Initial treatment of spinal stenosis caused by synovial cyst is the same as any low back pain. Usually it is recommended exercises, weight reduction and smoking cessation. Medical regimens for pain management include combinations of non-steroidal anti-inflammatory agents, narcotics, and muscle relaxants antidepressants. Injection therapies have been described to include epidural steroid injections, facet blocks, and direct aspirations of the cysts . Mixed results have been reported, but are all very reasonable first-line therapies to obtain symptomatic relief before surgery. Most series report that nonsurgical treatment methods are not as effective as decompressive surgery .
When non-operative treatments fail, surgical decompression should be considered. The clinical indications for surgery include myelopathy, motor weakness, painful radiculopathy, or back pain not responsive to non-operative management. The procedure currently recognized is total excision of the tumor with laminotomy, laminectomy or hemilaminectomy. Sometimes, depending on the size of the cyst, you must perform only a facectomy. In planning the surgery, for the tactics of the surgery, Ross R et al.  recommended the three following questions: 1. what is required to decompress the effected neurological structure; 2. is spinal instability present preoperatively; and 3. will the decompression lead to instability? If the answers to either question 2 or 3 are yes, then primary fusion at the time of the decompression should be strongly considered.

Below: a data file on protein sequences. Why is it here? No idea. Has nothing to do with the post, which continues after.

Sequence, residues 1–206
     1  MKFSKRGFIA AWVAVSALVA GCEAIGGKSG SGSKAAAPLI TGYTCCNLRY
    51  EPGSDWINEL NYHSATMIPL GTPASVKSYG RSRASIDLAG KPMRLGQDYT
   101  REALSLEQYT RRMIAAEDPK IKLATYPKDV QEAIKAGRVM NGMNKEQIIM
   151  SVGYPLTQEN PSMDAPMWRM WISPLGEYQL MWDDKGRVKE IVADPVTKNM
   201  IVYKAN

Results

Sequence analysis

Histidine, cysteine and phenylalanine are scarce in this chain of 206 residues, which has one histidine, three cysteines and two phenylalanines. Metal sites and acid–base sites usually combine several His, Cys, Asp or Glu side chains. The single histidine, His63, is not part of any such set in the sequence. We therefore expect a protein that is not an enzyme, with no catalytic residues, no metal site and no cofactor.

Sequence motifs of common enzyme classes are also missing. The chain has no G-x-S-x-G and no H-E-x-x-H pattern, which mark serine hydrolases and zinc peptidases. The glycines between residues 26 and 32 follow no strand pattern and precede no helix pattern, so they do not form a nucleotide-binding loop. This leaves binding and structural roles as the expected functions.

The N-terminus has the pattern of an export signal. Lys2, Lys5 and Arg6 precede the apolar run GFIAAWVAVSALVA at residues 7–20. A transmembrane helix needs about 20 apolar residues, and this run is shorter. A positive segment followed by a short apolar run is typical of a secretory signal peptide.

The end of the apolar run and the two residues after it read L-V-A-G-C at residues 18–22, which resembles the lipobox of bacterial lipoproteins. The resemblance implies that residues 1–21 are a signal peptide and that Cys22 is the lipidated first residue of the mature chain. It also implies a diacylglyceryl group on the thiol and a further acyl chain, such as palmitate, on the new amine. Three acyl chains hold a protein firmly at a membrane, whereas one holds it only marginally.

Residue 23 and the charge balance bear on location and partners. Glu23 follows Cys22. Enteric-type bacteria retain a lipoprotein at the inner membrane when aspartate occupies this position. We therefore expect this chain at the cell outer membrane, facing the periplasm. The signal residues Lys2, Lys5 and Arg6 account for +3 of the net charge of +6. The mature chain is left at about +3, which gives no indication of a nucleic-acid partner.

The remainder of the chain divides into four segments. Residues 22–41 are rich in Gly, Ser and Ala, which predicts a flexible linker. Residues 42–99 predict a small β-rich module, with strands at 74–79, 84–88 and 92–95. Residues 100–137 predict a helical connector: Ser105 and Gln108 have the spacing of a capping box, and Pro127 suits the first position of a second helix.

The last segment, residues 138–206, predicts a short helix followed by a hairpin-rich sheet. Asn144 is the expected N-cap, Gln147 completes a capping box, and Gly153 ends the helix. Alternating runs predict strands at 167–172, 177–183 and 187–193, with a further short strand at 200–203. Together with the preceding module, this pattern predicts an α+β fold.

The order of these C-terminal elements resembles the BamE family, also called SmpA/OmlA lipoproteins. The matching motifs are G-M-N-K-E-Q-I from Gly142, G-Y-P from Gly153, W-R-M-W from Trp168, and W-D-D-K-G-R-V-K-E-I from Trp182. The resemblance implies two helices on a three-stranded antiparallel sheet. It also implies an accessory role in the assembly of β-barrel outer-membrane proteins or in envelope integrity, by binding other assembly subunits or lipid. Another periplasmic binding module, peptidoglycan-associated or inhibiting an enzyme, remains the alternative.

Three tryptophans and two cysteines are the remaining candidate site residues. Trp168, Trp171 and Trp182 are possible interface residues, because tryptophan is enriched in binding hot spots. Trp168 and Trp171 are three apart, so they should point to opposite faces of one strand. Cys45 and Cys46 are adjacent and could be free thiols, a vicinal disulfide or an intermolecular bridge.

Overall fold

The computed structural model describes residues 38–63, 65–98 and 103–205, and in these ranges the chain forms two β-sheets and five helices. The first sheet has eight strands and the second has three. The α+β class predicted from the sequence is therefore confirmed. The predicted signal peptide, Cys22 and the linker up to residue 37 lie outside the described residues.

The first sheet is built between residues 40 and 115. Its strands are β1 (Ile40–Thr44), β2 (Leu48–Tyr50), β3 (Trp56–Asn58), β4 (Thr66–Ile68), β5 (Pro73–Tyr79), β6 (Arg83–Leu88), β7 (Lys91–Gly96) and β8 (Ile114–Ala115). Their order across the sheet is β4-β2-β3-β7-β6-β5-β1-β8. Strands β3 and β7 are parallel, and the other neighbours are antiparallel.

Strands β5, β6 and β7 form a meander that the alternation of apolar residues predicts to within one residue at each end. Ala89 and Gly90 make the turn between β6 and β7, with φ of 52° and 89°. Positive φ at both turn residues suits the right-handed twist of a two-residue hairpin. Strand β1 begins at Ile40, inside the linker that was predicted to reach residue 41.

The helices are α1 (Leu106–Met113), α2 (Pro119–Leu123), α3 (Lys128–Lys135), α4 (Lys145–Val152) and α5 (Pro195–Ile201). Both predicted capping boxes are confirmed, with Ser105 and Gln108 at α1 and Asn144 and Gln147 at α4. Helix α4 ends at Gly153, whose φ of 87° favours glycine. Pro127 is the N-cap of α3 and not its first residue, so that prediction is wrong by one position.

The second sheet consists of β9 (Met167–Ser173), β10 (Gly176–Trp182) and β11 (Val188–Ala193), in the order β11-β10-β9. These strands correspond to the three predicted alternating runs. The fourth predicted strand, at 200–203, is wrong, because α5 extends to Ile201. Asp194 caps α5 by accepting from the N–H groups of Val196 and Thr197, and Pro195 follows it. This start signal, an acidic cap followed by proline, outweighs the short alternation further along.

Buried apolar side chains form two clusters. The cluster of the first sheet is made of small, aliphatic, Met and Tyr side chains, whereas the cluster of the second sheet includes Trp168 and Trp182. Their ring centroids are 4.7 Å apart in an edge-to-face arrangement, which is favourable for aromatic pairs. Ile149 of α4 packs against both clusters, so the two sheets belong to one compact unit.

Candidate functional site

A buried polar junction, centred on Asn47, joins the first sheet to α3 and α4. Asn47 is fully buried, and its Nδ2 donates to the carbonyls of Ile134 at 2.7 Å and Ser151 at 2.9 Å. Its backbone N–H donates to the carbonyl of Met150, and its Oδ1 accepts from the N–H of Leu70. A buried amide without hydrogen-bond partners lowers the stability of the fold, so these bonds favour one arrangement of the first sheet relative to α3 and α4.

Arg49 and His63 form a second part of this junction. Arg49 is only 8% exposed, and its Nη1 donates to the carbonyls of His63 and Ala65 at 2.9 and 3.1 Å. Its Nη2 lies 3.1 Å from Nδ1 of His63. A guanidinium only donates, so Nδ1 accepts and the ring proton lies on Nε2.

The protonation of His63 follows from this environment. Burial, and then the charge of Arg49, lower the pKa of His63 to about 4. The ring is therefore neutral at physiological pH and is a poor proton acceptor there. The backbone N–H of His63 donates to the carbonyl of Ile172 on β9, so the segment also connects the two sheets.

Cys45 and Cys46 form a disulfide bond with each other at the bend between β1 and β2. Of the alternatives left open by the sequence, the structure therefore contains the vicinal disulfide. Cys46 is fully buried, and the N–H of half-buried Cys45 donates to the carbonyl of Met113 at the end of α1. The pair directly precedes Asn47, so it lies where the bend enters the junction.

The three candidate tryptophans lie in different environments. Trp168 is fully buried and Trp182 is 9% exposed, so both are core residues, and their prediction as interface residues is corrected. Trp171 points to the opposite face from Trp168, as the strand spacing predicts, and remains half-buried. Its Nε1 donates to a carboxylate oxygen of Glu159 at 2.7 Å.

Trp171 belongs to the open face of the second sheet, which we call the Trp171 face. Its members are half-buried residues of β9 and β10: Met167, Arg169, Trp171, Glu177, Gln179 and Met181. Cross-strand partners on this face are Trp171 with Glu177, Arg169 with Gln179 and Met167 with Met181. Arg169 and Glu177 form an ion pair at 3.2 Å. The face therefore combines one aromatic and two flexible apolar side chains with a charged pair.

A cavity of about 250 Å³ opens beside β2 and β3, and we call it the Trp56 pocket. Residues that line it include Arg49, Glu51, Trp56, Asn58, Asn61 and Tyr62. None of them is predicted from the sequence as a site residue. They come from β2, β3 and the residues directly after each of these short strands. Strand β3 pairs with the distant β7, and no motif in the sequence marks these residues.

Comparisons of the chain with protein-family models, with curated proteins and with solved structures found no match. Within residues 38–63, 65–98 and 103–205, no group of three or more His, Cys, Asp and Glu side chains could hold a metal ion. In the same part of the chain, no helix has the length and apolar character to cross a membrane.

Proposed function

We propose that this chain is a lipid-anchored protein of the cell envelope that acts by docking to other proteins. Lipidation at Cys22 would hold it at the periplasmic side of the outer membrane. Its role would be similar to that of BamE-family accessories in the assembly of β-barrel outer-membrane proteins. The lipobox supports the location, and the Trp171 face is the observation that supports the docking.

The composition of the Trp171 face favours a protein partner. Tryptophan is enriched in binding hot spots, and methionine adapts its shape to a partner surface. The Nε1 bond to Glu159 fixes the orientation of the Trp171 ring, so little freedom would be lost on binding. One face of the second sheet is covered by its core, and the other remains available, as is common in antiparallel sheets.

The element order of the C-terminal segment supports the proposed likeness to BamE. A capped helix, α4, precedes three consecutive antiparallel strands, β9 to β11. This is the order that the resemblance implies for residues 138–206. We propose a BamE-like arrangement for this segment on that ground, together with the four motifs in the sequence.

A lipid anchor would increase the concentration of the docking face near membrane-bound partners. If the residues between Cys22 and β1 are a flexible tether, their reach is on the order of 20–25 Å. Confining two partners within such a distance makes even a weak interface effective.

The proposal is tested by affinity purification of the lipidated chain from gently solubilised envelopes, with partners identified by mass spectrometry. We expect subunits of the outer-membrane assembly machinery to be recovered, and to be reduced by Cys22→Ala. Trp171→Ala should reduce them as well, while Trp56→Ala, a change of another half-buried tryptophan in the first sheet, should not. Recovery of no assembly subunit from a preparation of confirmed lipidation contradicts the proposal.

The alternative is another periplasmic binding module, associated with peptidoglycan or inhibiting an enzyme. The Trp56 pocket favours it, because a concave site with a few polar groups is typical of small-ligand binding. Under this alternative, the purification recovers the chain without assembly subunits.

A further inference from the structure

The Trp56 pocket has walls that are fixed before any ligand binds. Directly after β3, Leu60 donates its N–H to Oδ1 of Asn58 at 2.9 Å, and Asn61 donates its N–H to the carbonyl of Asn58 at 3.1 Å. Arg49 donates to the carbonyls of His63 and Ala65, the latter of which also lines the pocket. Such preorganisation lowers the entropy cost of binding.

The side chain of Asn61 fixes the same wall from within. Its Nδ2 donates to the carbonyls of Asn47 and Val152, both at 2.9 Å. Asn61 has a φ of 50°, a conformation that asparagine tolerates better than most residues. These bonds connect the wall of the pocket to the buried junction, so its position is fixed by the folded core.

If there is documented instability or deformity before the decompression, then a primary fusion is performed. If the decompression leads to significant facet disruption, then primary fusion must be performed . There are several publications advocating fusion, although spinal fusion also increased the perioperative morbidity compared with decompression only, including incidental durotomies, wound infection, and deep venous thrombosis, decreasing cyst recurrence and unfavorable clinical outcome in the fusion group [19-21]. We always prefer to perform a vertebrae fusion in order to treat the segment instability and spinal degeneration which increase the chance of developing a yuxta-articular facet cyst.
Conflicts of Interest
All authors have no financial support or relationships that may pose a conflict of interest to disclose for this work.